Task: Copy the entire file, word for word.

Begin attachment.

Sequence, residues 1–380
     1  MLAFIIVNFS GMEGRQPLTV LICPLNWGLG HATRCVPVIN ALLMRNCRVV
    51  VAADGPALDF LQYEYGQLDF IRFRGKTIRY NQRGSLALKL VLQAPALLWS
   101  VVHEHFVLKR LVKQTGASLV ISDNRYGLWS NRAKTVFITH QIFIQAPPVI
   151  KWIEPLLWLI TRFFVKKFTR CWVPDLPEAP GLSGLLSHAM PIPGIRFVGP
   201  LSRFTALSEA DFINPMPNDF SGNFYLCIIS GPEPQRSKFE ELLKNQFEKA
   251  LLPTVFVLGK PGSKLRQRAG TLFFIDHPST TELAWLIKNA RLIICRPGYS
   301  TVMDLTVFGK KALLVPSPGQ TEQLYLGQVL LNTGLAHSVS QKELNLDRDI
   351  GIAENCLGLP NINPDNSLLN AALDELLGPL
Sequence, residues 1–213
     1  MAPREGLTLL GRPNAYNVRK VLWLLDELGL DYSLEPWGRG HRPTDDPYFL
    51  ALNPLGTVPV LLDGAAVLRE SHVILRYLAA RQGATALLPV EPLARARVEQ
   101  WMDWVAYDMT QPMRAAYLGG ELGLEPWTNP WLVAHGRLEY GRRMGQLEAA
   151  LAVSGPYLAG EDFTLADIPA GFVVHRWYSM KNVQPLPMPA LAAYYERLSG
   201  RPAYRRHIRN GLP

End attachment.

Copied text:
Sequence, residues 1–380
     1  MLAFIIVNFS GMEGRQPLTV LICPLNWGLG HATRCVPVIN ALLMRNCRVV
    51  VAADGPALDF LQYEYGQLDF IRFRGKTIRY NQRGSLALKL VLQAPALLWS
   101  VVHEHFVLKR LVKQTGASLV ISDNRYGLWS NRAKTVFITH QIFIQAPPVI
   151  KWIEPLLWLI TRFFVKKFTR CWVPDLPEAP GLSGLLSHAM PIPGIRFVGP
   201  LSRFTALSEA DFINPMPNDF SGNFYLCIIS GPEPQRSKFE ELLKNQFEKA
   251  LLPTVFVLGK PGSKLRQRAG TLFFIDHPST TELAWLIKNA RLIICRPGYS
   301  TVMDLTVFGK KALLVPSPGQ TEQLYLGQVL LNTGLAHSVS QKELNLDRDI
   351  GIAENCLGLP NINPDNSLLN AALDELLGPL
Sequence, residues 1–213
     1  MAPREGLTLL GRPNAYNVRK VLWLLDELGL DYSLEPWGRG HRPTDDPYFL
    51  ALNPLGTVPV LLDGAAVLRE SHVILRYLAA RQGATALLPV EPLARARVEQ
   101  WMDWVAYDMT QPMRAAYLGG ELGLEPWTNP WLVAHGRLEY GRRMGQLEAA
   151  LAVSGPYLAG EDFTLADIPA GFVVHRWYSM KNVQPLPMPA LAAYYERLSG
   201  RPAYRRHIRN GLP